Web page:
Today’s post comes from Steve Grooms
In the fall of 1960 I became a freshman at Grinnell College. The class of ’64 went on to win a spotty reputation as perhaps the most talented but troublesome classes in college history. The 1960s were a turbulent time in higher education all across the nation.
Those years, for me, were amazingly transformative. I entered that period as a provincial, shy, sanctimonious kid from a small Iowa town. I was some sort of Republican, a passive sort of Christian. I was also a prig who was offended by folks who smoked, drank alcohol, had sex out of wedlock or swore. I had terrible study habits and little discipline. My first crisis was discovering whether I was equal to the challenge of college coursework. I spent my freshman year in terror of flunking out.
Even the simple business of living in a dorm was threatening for me. In high school I avoided two kinds of people: the boys and the girls. At Grinnell I was obliged to live in a dormitory with 30 young men whom I did not know. I soon learned my dorm buddies farted, got drunk and hosed each other down with language so vulgar I didn’t know what the words meant. For a while I wondered if I might be gay because the guys around me were so crude and aggressive that I felt I belonged to a different species.
Grinnell shocked me in good ways, too. I had lived 18 years of my life totally ignorant of the complex delights of classical music. The college offered live concerts with music so powerful it sometimes reduced me to tears. Among my dorm mates were guys who played folk guitar and bluegrass banjo. I fell in love with that until music was so important I couldn’t imagine having lived without it.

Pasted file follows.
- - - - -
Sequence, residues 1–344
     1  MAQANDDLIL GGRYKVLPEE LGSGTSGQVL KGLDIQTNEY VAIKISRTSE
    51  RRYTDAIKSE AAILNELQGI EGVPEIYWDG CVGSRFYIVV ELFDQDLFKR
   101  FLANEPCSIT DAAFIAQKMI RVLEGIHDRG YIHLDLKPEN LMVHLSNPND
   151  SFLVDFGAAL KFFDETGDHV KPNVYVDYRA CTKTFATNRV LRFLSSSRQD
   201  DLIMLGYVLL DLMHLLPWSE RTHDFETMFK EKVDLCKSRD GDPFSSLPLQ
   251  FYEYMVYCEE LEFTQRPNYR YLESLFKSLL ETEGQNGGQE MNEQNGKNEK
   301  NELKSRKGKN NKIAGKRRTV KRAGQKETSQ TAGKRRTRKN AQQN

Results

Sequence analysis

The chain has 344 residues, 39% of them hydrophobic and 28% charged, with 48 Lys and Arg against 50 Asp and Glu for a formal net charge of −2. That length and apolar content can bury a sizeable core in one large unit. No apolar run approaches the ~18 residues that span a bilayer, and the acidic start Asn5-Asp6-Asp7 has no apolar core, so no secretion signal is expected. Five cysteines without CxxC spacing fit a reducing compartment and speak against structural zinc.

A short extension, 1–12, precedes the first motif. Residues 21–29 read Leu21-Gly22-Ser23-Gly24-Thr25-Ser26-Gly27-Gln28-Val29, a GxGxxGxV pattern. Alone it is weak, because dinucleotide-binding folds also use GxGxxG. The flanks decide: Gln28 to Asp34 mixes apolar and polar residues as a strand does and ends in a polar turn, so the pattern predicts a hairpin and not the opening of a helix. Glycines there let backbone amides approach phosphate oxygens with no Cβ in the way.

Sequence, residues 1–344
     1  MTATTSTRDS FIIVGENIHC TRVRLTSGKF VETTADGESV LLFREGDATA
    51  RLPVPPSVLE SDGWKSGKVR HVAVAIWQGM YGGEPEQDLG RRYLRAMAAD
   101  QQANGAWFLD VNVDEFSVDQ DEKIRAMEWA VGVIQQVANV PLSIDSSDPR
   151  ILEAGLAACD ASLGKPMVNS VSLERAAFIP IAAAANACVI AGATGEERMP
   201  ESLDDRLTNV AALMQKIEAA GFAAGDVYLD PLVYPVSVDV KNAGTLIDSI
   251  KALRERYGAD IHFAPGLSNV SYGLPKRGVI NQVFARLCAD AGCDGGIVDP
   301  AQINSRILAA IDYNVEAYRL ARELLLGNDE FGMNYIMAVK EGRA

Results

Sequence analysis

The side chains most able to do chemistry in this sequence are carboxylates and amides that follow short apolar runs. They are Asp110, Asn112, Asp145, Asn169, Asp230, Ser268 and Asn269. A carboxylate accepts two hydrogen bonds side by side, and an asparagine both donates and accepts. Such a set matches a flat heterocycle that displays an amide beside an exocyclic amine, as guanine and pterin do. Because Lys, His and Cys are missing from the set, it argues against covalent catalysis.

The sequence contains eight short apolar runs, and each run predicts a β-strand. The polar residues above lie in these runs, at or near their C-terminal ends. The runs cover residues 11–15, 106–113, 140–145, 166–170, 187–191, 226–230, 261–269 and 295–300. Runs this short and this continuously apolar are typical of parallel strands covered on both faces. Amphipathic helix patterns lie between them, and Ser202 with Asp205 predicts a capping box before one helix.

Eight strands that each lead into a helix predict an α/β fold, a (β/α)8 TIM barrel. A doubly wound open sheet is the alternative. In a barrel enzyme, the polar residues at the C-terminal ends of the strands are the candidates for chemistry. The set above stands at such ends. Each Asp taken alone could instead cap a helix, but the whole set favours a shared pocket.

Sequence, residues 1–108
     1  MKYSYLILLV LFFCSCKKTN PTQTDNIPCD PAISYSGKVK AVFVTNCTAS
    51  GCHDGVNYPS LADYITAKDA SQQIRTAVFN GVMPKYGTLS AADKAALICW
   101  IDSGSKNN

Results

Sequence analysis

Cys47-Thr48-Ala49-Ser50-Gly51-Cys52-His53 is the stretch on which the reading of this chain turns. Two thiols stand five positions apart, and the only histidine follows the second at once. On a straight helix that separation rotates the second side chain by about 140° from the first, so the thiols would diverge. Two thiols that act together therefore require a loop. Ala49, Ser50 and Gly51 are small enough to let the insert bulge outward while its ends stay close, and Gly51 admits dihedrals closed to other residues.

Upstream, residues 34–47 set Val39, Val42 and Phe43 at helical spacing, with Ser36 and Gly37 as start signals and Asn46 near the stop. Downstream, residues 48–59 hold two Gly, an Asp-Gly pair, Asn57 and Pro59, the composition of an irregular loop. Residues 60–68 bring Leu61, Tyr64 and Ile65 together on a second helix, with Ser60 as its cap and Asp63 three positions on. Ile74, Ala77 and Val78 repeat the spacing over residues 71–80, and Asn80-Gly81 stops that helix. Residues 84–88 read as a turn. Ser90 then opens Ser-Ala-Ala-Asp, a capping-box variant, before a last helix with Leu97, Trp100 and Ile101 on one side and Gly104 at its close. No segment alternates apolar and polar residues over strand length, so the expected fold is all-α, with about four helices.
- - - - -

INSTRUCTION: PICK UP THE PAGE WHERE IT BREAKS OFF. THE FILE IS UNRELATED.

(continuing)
Something similar happened with respect to the world of books, social debates, historical dilemmas, appreciation of visual arts, and many other areas. Because Grinnell was so isolated (“in the middle of nowhere, surrounded by cornfields”) the college tried hard to import exciting speakers and artists. Attending lectures on fascinating topics was free and easy: all one had to do was show up and listen. I found out I cared about ideas and history and art to a degree I had not known was possible.
The kid who left Grinnell four years later was very little like the kid who showed up in 1960. I’m convinced that all of us change, and in fact we change every year we are alive. But some changes are vastly more significant than others, and my Grinnell years were that.
What about you? If you attended college, what did the experience mean to you?